Quote Originally Posted by gkelly View Post
The trick would be convincing them that it's better to invite audiences in to understand what skaters and judges understand, rather than just tell them to enjoy the pretty skating and the exciting jumps and not worry their pretty little heads about the technical details that decide the results.
Michael Weiss just made me mad on the NBC coverage of the Grand Prix final. When Hanyu popped his 4S into a 2S Weiss said, he will only get about a point for that instead of about 10 points. Is the audience so dumb that they would not understand if he said that Hanyu will get only 1.3 points instead of 10.5?

Also, these guys are commenting to tape after already having seen the competition, right? So Michael should have been prepared to discuss why Chan didn't get credit for the 2A+2T, without fumbling around with an explanation which, if you didn't already know the answer, was not of much use to the viewer.

Likewise Scott Hamilton could serve the viewers better if he would not simply exclaim, "oh that's so hard" every few seconds. Why can't he explain, at least in the replays, exactly what the skater is doing that makes it hard, naming and describing the moves? It is not much help when he continually says, "in this new judging system every little thing the skater does counts!" Why not show us some of those things that count for so much in the IJS. Why not say, "This turn with change of direction leading into this jump is called a Mohawk. This ups the difficulty of the jump and will be reflected by an extra point in the grade of execution."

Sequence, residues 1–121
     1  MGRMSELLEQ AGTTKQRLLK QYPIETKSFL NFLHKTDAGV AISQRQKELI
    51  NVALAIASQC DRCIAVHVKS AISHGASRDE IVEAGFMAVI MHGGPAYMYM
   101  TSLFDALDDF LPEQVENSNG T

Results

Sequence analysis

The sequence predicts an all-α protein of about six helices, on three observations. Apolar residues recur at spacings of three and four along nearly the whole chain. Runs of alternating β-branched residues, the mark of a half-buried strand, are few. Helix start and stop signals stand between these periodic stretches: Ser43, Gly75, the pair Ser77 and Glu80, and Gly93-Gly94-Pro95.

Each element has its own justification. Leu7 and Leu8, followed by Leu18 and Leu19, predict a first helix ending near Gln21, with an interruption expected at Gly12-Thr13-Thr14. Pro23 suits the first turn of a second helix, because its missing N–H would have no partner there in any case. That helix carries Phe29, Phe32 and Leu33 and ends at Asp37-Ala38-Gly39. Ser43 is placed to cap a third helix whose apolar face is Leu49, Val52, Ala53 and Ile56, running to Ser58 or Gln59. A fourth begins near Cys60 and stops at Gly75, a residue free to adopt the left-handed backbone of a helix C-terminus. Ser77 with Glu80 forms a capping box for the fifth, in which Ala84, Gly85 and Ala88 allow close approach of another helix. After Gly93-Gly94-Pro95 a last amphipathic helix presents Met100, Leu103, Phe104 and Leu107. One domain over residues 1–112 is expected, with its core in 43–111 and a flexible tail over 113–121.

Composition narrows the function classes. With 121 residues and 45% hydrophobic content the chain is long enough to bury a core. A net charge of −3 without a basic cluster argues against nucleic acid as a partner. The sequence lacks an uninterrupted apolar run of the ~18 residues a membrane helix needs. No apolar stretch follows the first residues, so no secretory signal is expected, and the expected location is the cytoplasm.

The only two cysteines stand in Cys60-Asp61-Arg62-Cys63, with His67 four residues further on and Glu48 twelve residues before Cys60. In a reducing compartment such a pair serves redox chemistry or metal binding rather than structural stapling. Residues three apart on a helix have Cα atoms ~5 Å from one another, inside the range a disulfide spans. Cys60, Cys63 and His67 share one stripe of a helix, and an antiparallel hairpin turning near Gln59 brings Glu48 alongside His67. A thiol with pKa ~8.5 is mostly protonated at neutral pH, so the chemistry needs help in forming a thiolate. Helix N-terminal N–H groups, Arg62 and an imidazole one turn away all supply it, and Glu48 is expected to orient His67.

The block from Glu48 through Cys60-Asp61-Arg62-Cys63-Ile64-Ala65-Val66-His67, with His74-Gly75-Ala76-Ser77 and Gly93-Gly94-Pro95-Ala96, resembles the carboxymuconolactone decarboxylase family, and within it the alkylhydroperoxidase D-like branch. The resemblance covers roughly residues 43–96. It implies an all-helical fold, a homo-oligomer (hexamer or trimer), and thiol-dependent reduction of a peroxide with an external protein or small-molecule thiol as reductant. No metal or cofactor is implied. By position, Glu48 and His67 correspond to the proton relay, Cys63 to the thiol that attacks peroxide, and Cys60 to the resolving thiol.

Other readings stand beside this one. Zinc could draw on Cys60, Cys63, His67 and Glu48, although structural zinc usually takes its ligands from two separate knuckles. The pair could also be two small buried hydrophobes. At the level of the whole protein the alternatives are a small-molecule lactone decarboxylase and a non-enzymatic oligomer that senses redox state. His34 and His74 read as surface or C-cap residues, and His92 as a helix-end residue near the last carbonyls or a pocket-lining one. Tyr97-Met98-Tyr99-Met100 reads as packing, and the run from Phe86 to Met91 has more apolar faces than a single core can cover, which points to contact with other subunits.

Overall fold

As for those viewers who don't want their pretty little heads worried, such expert commentary would do no harm. They would just go on enjoying the jumps and the pretty skating as before.

OK, one more question, if I may.

In the instructional tape for Transitions, in the program of the skater who didn't have many, at one point the narrator says, "crossunder, followed by crossover, followed by cross-cut." I always thought that "cross-cut" was just the Canadian way of saying crossover. (It's cool when the British commentators call a triple Rittberger/triple cherry flip combo.)